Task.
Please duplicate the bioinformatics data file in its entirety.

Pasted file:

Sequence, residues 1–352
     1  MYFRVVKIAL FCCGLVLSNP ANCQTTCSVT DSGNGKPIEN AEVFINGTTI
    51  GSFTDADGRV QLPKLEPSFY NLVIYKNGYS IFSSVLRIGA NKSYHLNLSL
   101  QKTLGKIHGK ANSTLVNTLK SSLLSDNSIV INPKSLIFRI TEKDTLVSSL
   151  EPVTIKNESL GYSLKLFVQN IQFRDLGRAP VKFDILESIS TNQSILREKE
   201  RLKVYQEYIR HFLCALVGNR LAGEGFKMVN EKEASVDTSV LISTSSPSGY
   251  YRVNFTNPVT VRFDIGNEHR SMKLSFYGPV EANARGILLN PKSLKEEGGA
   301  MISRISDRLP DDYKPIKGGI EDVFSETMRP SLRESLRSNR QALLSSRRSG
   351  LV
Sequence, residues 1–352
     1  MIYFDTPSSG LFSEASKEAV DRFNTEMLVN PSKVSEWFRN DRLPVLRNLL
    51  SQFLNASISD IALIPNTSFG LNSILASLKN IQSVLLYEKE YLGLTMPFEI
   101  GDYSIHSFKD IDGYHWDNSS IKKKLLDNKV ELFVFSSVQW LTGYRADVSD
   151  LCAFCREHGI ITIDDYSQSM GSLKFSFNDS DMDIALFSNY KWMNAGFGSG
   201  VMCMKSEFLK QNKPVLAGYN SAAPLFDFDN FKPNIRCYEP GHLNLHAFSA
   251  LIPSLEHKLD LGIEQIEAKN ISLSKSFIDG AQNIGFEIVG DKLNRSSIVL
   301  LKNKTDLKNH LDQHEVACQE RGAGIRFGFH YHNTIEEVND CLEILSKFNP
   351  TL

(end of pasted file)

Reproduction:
Sequence, residues 1–352
     1  MYFRVVKIAL FCCGLVLSNP ANCQTTCSVT DSGNGKPIEN AEVFINGTTI
    51  GSFTDADGRV QLPKLEPSFY NLVIYKNGYS IFSSVLRIGA NKSYHLNLSL
   101  QKTLGKIHGK ANSTLVNTLK SSLLSDNSIV INPKSLIFRI TEKDTLVSSL
   151  EPVTIKNESL GYSLKLFVQN IQFRDLGRAP VKFDILESIS TNQSILREKE
   201  RLKVYQEYIR HFLCALVGNR LAGEGFKMVN EKEASVDTSV LISTSSPSGY
   251  YRVNFTNPVT VRFDIGNEHR SMKLSFYGPV EANARGILLN PKSLKEEGGA
   301  MISRISDRLP DDYKPIKGGI EDVFSETMRP SLRESLRSNR QALLSSRRSG
   351  LV
Sequence, residues 1–352
     1  MIYFDTPSSG LFSEASKEAV DRFNTEMLVN PSKVSEWFRN DRLPVLRNLL
    51  SQFLNASISD IALIPNTSFG LNSILASLKN IQSVLLYEKE YLGLTMPFEI
   101  GDYSIHSFKD IDGYHWDNSS IKKKLLDNKV ELFVFSSVQW LTGYRADVSD
   151  LCAFCREHGI ITIDDYSQSM GSLKFSFNDS DMDIALFSNY KWMNAGFGSG
   201  VMCMKSEFLK QNKPVLAGYN SAAPLFDFDN FKPNIRCYEP GHLNLHAFSA
   251  LIPSLEHKLD LGIEQIEAKN ISLSKSFIDG AQNIGFEIVG DKLNRSSIVL
   301  LKNKTDLKNH LDQHEVACQE RGAGIRFGFH YHNTIEEVND CLEILSKFNP
   351  TL